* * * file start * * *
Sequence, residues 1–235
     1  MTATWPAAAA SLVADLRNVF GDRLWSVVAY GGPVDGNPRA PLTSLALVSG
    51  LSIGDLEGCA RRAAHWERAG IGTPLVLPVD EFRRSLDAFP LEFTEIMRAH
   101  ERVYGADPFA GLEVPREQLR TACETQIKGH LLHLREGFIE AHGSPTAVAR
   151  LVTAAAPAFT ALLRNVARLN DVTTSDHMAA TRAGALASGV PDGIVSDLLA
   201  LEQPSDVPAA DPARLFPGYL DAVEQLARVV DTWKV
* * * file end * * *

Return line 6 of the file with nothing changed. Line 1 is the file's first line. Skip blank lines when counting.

   201  LEQPSDVPAA DPARLFPGYL DAVEQLARVV DTWKV